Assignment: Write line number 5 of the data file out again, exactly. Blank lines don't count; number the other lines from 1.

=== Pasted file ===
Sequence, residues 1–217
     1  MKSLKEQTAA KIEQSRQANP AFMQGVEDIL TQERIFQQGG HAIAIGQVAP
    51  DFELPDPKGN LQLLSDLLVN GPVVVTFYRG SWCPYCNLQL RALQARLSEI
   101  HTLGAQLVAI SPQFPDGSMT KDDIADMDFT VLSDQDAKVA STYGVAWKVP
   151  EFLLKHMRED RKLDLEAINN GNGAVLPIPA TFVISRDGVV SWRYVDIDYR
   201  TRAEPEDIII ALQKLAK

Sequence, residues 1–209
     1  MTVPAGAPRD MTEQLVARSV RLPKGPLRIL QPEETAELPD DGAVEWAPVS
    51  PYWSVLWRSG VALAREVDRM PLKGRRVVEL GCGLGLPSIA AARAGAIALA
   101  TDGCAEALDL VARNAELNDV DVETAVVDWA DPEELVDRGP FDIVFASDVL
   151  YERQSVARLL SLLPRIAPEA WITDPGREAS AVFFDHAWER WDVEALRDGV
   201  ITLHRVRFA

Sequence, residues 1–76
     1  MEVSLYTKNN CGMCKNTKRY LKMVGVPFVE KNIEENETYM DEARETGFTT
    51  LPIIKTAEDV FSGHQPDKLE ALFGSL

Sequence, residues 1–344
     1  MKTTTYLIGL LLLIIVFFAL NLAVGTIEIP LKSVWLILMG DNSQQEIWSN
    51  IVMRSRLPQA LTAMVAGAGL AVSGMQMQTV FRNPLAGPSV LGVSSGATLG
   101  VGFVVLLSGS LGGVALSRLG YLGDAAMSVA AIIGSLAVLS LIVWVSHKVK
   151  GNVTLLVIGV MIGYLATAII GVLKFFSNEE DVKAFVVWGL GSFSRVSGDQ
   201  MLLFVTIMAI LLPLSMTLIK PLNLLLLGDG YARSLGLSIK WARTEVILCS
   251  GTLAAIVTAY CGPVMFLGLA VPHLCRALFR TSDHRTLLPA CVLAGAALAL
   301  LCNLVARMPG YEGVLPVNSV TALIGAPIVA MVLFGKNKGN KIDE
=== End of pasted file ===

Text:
   151  EFLLKHMRED RKLDLEAINN GNGAVLPIPA TFVISRDGVV SWRYVDIDYR